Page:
CT Angiography for Safe Discharge of Patients With Possible Acute Coronary Syndromes

Cardiology Review® Online, June 2012, Volume 28, Issue 3

Mushabbar A. Syed, MD, FACC

Review

Litt HI, Gatsonis C, Snyder B, et al. CT angiography for safe discharge of patients with possible acute

coronary syndromes. N Engl J Med. 2012;366:1393-1403.

C

oronary computed tomographic angiography (CCTA) is a noninvasive test with excellent negative predictive value (NPV) to rule out the presence of coronary artery disease (CAD). Initial studies of CCTA in the emergency department (ED) have shown excellent prognostic value with minimal or no CAD; however, these studies were not large enough to test a CCTA-based clinical strategy of diagnostic testing and patient disposition from the ED.

Study Design

This was a prospective, randomized, controlled clinical trial comparing CCTA- based strategy with traditional care for evaluating low- to intermediate-risk patients presenting to the ED with possible acute coronary syndrome (ACS). The investigators hypothesized that patients without clinically significant CAD on CCTA (<50% stenosis) will have a less than 1% 30-day event rate of cardiac death or myocardial infarction (MI). The primary aim of the trial was to evaluate the safety of a CCTA-based strategy with 30-day event rate of cardiac death or MI. Secondary aims included rate of discharge from the ED, index visit length of stay, and the 30-day rates of death, MI, revascularization, and resource utilization in the CCTA group compared with the traditional strategy group.

Patients 30 years or older with possible ACS were enrolled from 5 ED sites or observation units. Patients had presentation ECG without evidence of acute ischemia and an initial Thrombolysis in Myocardial Infarction (TIMI) risk score of 0 to 2. Patients were excluded if they had non-cardiac chest pain, a coexisting condition requiring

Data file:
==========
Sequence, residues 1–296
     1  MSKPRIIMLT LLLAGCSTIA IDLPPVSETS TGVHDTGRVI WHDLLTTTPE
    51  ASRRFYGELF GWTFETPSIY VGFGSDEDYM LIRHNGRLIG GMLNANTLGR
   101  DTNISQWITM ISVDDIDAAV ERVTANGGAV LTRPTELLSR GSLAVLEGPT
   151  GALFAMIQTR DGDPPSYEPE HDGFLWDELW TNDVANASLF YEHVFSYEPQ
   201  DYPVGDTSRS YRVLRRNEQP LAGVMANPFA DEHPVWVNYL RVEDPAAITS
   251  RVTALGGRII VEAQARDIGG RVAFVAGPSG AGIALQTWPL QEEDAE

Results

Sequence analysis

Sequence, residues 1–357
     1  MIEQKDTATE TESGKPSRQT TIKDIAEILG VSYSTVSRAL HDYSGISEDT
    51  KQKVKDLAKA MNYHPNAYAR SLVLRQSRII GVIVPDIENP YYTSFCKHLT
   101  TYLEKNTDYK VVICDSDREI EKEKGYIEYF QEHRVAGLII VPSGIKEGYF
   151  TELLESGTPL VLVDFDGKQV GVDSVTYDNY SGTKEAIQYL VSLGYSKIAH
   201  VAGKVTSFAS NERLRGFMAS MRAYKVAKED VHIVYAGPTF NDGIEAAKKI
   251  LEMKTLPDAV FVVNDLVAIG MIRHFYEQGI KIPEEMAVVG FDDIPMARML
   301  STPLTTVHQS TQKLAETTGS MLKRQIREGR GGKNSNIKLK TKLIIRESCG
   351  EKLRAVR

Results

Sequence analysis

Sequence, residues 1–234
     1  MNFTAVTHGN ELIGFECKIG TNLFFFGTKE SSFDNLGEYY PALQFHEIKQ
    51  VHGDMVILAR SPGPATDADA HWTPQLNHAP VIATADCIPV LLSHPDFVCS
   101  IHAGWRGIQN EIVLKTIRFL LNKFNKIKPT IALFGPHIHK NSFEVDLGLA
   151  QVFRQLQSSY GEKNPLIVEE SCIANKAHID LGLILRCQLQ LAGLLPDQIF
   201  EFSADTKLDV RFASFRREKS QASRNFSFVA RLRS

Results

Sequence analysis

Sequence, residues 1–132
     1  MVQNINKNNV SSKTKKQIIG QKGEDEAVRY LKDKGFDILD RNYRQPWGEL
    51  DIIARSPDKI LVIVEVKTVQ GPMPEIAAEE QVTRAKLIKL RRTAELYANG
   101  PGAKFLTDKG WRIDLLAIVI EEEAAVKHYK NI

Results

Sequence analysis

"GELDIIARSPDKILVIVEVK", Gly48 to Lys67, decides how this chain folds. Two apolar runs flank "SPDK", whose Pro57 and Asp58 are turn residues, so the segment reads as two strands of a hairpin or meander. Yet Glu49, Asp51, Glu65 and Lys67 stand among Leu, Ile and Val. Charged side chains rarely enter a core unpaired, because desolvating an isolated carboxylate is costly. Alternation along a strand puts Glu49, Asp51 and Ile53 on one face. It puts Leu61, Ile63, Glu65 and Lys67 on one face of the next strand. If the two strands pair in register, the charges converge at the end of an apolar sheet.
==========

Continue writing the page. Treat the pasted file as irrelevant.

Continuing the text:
admission, previously normal CCTA or invasive angiography in the previous year, and standard contraindications to CCTA, including a creatinine

clearance of less than 60 mL per minute.

Patients underwent computer-based randomization in a 2:1 ratio to CCTA or to traditional care. In the CCTA group, the first evaluation after randomization was CCTA. In the traditional group, the patient’s treating physician decided which tests, if any, were to be performed. CCTA was performed on a 64-slice or greater multidetector CT scanner and included calcium scoring and contrast-enhanced coronary CTA. β-blockers and nitroglycerin were used to control heart rate and dilate coronary arteries. Readers were required to meet the criteria for level-3 cardiac CT training. Coronary stenosis was quantified as <50%, 50% to 69%, or >70%. Discharge from the ED in the CCTA group required 2 negative troponin levels obtained 90 to 180 minutes apart and minimal or no CAD (<50% stenosis). Thirty-day follow-up included phone interview and review of any pertinent records.

The study was adequately powered. Comparisons between CCTA and traditional care groups were made by intention-to-treat analysis. Between July 2009 and November